Wash. U. students active in local sustainable project
As sustainability efforts continue to influence campus culture, project uHome U City engages 13 Washington University architecture graduate students in designing five homes for the local Sutter Heights neighborhood.
University City had requested proposals from the design community in the summer of 2009 for residential plans that would fill five lots within the neighborhood. The homes are also expected to gain Leadership in Energy and Environmental Design (LEED) Platinum certification.
Megan Nasrallah from St. Louis architectural firm Arcturis; Donald Koster, senior lecturer at the University’s Graduate School of Architecture & Urban Design; and Richard Reilly, who served as chief operating officer of the former company Boa Construction, collaborated on and submitted the uHome project proposal. University City then awarded them the opportunity to continue their plans.
For Nasrallah, the proposal’s sustainability aspects, and the collaboration between “academia, profession, municipality (University City) and builder” were compliant with Arcturis’ goals.
“The community and social aspects of this project aligned with our values,” Nasrallah said. “The project seemed like a good fit and a unique opportunity to engage Wash. U. in an atypical project, in an atypical way.”
In addition, GreenSpace Construction now collaborates with the project after Boa Construction closed in November 2009.
The uHome project starts with Wash. U. students creating the designs with support from Arcturis professionals. Designs will have to meet guidelines, including improved indoor environmental quality, efficiency in water usage, and innovation in design to be LEED certified.
Students are inspired by the challenge and the chance to influence the Sutter Heights community.
“I think that the social aspect is really important,” graduate student Laura Mark said. “I realize that you can’t just change everything and make everything better for everybody. But if you can make one person’s life better, then your efforts were worthwhile.”
Architecture graduate student Mark Epstein expressed similar sentiments.
“One of my biggest interests in architecture is [to] have an impact on people’s lives, and I think that even though [this is] a small project—it’s not a 97-story skyscraper—it’s very directly impacting people’s lives,” Epstein said.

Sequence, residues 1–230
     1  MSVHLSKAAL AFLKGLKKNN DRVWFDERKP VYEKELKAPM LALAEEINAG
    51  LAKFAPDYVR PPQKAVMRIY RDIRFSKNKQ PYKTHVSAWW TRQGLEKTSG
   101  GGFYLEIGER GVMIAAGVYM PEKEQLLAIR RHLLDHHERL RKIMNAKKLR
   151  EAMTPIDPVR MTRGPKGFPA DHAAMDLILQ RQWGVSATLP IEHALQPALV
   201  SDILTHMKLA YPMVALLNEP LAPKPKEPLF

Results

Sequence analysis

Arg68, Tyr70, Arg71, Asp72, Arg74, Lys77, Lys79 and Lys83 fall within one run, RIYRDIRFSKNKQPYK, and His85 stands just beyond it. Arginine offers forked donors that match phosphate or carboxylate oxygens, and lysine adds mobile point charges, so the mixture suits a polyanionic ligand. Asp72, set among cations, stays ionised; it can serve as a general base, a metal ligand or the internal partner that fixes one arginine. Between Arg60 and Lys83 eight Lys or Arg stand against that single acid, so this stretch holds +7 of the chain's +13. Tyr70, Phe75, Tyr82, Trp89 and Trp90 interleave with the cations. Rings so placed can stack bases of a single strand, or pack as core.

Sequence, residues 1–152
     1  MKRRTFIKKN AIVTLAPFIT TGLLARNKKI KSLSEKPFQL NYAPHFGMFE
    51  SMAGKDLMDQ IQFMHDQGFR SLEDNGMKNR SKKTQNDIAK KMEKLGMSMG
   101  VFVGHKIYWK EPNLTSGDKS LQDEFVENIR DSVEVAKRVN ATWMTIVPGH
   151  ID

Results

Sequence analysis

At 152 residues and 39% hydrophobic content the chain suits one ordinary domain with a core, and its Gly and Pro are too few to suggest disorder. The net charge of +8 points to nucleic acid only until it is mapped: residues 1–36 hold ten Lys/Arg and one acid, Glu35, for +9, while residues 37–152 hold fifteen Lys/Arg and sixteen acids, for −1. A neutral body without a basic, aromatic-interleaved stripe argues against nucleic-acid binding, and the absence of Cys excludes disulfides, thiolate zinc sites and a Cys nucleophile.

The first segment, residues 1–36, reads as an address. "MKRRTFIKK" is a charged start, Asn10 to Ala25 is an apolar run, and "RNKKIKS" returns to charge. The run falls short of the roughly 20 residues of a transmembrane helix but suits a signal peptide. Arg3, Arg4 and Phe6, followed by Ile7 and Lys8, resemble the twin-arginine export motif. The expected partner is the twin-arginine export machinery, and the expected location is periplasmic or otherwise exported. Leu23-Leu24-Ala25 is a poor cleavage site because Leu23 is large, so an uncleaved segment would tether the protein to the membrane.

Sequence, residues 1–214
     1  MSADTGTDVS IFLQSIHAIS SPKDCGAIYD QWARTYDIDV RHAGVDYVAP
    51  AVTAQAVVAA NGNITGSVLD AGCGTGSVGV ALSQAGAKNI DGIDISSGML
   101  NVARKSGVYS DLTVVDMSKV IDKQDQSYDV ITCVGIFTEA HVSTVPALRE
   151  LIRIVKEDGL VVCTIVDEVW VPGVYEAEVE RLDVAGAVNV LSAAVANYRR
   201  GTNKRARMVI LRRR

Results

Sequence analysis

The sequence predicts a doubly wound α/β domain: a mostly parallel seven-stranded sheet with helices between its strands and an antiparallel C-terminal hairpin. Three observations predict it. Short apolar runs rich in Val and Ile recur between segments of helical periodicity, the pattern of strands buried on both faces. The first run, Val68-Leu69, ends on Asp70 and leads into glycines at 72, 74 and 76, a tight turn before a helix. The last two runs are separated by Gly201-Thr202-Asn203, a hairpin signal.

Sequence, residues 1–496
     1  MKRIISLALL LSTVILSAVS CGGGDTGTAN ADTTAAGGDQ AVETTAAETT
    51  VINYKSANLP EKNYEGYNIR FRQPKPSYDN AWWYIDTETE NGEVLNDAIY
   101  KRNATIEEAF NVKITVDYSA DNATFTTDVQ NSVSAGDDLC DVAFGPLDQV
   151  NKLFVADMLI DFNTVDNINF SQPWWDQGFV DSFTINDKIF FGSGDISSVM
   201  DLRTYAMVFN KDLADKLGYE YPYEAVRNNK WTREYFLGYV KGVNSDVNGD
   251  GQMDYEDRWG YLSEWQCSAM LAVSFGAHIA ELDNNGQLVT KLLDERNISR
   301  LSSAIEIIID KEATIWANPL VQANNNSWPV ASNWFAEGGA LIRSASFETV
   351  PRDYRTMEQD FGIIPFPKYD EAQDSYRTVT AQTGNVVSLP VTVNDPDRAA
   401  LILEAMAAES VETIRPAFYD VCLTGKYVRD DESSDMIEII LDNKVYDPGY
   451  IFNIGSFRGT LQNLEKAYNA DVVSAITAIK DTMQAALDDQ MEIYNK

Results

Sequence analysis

Epstein also explained that many of the students involved in the uHome project are excited by the potential future construction of the homes.
“The aspect that hopefully this project will actually get built is very attractive to a lot of the people in our group,” he said.
Nasrallah said Arcturis staff also benefit from having new energy in the office, in addition to students gaining a valuable work experience.
Both Mark and Epstein appreciate their collaboration with Arcturis with regard to LEED certification, home design and experience with an architectural firm.
Those interested in purchasing a uHome would first have to qualify for construction loans provided by a local lender. Homebuyers would then work with the design team to adjust the designs for their needs. Depending on features within the home, prices will range from $120,000 to $200,000.
“We will have at minimum five model homes designed to be marketed that will be able to achieve LEED Platinum and will be in the price range that has been set,” Koster said. “Ideally, and I’m fully optimistic that this will occur, we will fully market the project and have identified potential homebuyers prior to the end of this semester.”
Homes should be finalized by November 2010, according to current plans.